Putah Creek Nestbox Highway

Putah Creek Nestbox Highway

Nestbox program founder Dr. Melanie Truan teaching kids on a fieldtrip about songbird cavity nesting

No one knew if they would come. If a few slabs of wood nailed together and hung in trees could replace the natural tree cavities that these birds had relied upon for millennia. But big trees and natural cavities were scarce—lost to the axe, the plow, and invasion by introduced species—and cavity-nesting birds were declining in the California. Artificial nest box programs had been successful in bringing back birds in other parts of the country so we decided to give it a go at UC Davis. The Putah Creek Nestbox Highway was founded by Dr. Melanie Truan in 2000 as part of her doctoral research with the Wildlife, Fish, and Conservation Biology Department at UC Davis. After Dr. Truan received her Ph.D., she continued the project with support from the Museum of Wildlife and Fish Biology, Lower Putah Creek Coordinating Committee, and Solano County Water Agency.  The program supports conservation as well as research and education, and is established, as a series of nest box trails arrayed along 20 miles of lower Putah Creek, Yolo and Solano counties California.  Next season will mark our 22nd year. It is the longest-running, scientifically monitored nest box program west of the Rocky Mountains. In addition to our core Museum staff, we have an active and enthusiastic group of undergraduate interns that help us maintain and monitor the nest boxes. To learn more about our nestbox internships, click here.

Members of the community stepped in with donations of labor and materials and soon we had a batch of brand-new nest boxes (cedar!) and private landowners provided safe locations for boxes.  To keep things simple, we designed what we hoped would be a one-size-fits-many box, able to accommodate a variety of species. We set the hole size large enough to admit Ash-throated Flycatchers, our largest target species, but too small to admit European Starlings, a major non-native competitor.  Our initial concerns about whether birds would use the nest boxes turned out to be unfounded. Over 95% of boxes are occupied each year. Since the project began, over 13,000 fledglings have been produced, from seven different species:  Ash-throated Flycatcher, Bewick’s Wren, House Wren, Oak Titmouse, Tree Swallow, Western Bluebird, and White-breasted Nuthatch. Western Bluebirds, once nearly extirpated as breeders on the creek, are recovering in good numbers. In 2020, over fifty pairs nested, producing 170 fledglings. Bluebirds are becoming increasingly common throughout the region, now recolonizing woodlots, parks, and gardens in nearby cities.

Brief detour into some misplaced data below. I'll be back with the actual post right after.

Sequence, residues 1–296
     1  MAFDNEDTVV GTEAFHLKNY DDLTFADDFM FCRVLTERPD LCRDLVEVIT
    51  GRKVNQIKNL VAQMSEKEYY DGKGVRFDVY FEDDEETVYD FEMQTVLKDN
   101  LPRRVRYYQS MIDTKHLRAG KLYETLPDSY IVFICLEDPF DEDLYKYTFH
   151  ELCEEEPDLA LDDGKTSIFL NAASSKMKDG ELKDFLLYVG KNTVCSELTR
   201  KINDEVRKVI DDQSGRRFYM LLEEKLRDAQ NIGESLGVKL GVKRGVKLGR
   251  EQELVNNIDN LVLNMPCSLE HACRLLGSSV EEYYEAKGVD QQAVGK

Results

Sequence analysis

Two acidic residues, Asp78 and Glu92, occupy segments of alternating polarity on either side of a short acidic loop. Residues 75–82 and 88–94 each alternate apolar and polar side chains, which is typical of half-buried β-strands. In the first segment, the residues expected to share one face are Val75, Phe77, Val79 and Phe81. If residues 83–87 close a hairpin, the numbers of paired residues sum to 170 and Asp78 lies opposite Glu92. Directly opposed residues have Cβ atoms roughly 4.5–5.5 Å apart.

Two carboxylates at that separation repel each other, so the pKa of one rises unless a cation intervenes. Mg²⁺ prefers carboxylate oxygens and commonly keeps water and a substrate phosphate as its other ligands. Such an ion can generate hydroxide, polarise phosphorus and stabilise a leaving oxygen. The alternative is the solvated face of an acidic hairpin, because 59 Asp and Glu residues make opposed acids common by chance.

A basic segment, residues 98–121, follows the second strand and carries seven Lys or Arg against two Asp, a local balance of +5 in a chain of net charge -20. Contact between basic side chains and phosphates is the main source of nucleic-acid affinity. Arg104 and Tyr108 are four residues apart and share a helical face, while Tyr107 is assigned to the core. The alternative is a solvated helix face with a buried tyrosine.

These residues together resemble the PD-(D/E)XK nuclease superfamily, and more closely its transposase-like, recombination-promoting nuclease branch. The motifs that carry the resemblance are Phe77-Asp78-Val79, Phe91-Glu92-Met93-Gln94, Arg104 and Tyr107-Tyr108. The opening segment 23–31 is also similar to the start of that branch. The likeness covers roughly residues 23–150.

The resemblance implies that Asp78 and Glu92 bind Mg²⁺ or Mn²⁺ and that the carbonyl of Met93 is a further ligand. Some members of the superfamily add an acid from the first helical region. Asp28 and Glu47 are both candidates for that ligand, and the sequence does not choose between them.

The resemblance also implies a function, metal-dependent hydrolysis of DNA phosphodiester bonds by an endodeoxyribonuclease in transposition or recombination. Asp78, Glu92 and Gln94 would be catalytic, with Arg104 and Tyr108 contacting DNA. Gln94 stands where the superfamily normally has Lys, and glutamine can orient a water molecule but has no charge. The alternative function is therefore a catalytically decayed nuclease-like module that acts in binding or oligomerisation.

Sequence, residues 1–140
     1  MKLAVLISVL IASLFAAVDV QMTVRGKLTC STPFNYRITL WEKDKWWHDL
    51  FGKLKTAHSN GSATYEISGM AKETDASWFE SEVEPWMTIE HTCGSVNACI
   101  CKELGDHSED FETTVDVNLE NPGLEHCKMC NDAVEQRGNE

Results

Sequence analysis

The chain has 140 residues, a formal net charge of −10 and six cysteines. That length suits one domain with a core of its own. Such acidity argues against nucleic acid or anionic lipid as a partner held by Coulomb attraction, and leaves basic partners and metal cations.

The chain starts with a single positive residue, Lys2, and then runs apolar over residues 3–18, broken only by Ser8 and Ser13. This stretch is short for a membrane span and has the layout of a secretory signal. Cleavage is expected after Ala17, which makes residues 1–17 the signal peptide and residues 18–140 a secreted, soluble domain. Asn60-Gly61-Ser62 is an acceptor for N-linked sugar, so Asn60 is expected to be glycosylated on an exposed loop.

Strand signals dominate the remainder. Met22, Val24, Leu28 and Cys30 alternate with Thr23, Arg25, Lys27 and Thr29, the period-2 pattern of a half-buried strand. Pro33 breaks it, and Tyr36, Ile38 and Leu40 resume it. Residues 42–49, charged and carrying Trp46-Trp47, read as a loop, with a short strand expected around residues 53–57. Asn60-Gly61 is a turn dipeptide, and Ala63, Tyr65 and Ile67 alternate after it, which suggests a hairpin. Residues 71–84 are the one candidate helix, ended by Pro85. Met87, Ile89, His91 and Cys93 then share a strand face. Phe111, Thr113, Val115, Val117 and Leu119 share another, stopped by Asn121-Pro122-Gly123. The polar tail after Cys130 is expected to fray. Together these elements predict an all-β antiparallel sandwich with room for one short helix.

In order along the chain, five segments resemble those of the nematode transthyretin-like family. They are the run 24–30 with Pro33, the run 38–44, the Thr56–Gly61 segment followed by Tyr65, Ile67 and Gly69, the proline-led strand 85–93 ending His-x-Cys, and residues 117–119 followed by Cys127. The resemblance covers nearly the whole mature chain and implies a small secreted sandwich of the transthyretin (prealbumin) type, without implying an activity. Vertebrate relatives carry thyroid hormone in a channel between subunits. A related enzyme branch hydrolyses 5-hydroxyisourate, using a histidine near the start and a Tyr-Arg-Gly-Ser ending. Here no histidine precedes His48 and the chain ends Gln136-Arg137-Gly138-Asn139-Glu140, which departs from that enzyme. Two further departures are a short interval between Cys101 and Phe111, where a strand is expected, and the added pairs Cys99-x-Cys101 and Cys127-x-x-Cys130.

Each species has a different life history strategy. Resident birds are often tied to a permanent territory centered on a particular nest box.  For example, Western Bluebird super-dad Tufty and his mate(s) have produced at least five clutches, for a total of 22 fledglings, all from a single nest box on west campus. Migratory species—like the Ash-throated Flycatcher—head south in the winter but return again in the spring to breed. Band re-sightings confirm that some of our venerable old Ash-throats have made that journey at least fourteen times! We band our chicks, naming them as we go. We have had Cleopatra, Poppy, Espresso, and Maggie, to name just a few. Sometimes birds name themselves. One bird drew a band whose last three digits were 007, so we named him . . . James Bond!

Students banding
Student interns banding birds in 2019

Managing 200 nest boxes each year begins in February when all the boxes are inventoried, damaged ones repaired, missing ones replaced.  New boxes are made by volunteers each year. By Mid-March nesting seasons in full swing and staff and students begin tracking each nest box for the duration of the breeding season which ends in July each year.  Funds have been secured from the Solano County Water Agency to help pay salaries and travel.  It is about half of what we need to carry out the work. The good news is that the SCWA commitment is annual through at least the year 2027.  This allows us to chart a new and exciting course for the effort.  This includes long-term data analysis, expanding the highway along the creek and implementing a new highway in another region of the Sacramento Valley.  All of this would be undertaken by researchers and students of the Museum of Wildlife and Fish Biology.  Additional funding can aid us in engaging more undergraduate interns and analysis of long-term data sets by museum researchers.  The analysis and publication of data will help us better understand the ecology and life histories of our birds.  All this work is geared towards the conservation and recovery of cavity-nesting songbirds in the region.

Putah Creek Nestbox Highway Flyer

2020 PCNH Annual Report


Shutler, D., Hussell, D. J.T., Norris, D. R., Winkler, D. W., Bonier, F. Spatiotemporal Patterns in Nest Box Occupancy by Tree Swallows Across North America. Avian Conservation & Ecology. 2012; Vol. 7, No. 1: 3.

Truan, M. L. The Western Bluebird as host for the Brown-headed Cowbird: a new record from California. Western Birds. 2003; Vol. 34: 111-113.